BANGOR — Shortly before dawn Monday, a 21-year-old Bangor man allegedly forced his way into a local apartment and demanded drugs at gunpoint, according to police.
The man, who apparently picked the Cedar Street residence at random, reportedly fled after a woman who lived there explained that she had two young children inside and asked him to leave.
Police lost the man’s trail shortly after receiving a call at about 5:30 a.m. But almost an hour later, after a chase that included foot patrols, five cruisers and a K-9 unit, dogs trailed the suspect’s scent to a fire escape behind the Greyhound Bus Terminal on Main Street.
Eyewitnesses told police they had seen the man climb through the window to an apartment where he lives above the terminal. That is where they arrested Jose Harvey and charged him with robbery, a felony that comes with a maximum penalty of 20 years in prison. He is expected to appear today in Maine’s 3rd District Court in Bangor.
Police did not release the names of the Cedar Street residents. Calling the incident “very bizarre,” Lt. Roy McKinney said police were still investigating the reason that apartment was targeted.
Detectives found no motive for the incident, McKinney said, but noted there was a strong smell of alcohol on the suspect. Harvey’s arrest record is limited to an outstanding January warrant for driving under the influence of alcohol.
The Cedar Street residents told police they did not know the suspect. But in the sleepy hours of the gray morning, when the loud rappings came from the front door, for a moment they thought they might have.
A voice identified itself as “Tim” — the name of a family acquaintance. The woman opened the door partway, enough to know the man was definitely not their friend.
“He pushed the door open,” said McKinney. “He had a handgun and he was demanding drugs.”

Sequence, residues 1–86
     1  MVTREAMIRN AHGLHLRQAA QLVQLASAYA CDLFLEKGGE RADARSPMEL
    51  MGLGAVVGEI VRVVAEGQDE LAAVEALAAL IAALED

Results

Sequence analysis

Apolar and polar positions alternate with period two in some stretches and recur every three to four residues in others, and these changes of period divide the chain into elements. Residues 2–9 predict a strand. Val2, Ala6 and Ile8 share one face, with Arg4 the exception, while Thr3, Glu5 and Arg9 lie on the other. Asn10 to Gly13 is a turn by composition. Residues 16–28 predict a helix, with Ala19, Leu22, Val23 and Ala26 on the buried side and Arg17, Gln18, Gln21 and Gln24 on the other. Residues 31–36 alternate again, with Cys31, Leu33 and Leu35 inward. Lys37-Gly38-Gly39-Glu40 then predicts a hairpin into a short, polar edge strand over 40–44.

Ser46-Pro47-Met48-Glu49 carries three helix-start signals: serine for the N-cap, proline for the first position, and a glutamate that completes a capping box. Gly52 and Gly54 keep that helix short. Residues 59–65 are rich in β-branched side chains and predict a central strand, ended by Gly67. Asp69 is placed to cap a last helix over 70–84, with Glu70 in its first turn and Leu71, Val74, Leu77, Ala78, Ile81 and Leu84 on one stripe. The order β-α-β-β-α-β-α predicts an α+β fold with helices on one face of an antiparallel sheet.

When the woman asked him to leave, the man fled — without taking anything, without harming anyone, police said. McKinney explained that a robbery charge is filed even in the event of an attempt.
As were many residents who live near the intersection of Cedar and Second streets, Marianne Hoogerbeets was awakened by the pre-dawn commotion. Her first line of defense, a Dalmatian named Barkly Sue, “was kinda muffing. Then she began barking really loud.”
“I heard someone yell `Stop, police!,”‘ said Hoogerbeets, who lives next door to the scene of the alleged crime. “Then they went off running. One policeman must have been in a hurry because he left his car door open.”
The incident, she said, only confirmed her suspicions that the neighborhood has become unsafe. Each night before she goes to bed, she locks her doors and windows. She sleeps with a can of pepper spray, a telephone at her side.
“We have some shady characters who run up and down this street late at night,” she said.
Detectives spent most of the day conducting interviews and placing Harvey in suspect line-ups for identification. Despite several eyewitnesses who said they saw the suspect brandishing a dark-colored handgun, police had not recovered the weapon as of late Monday.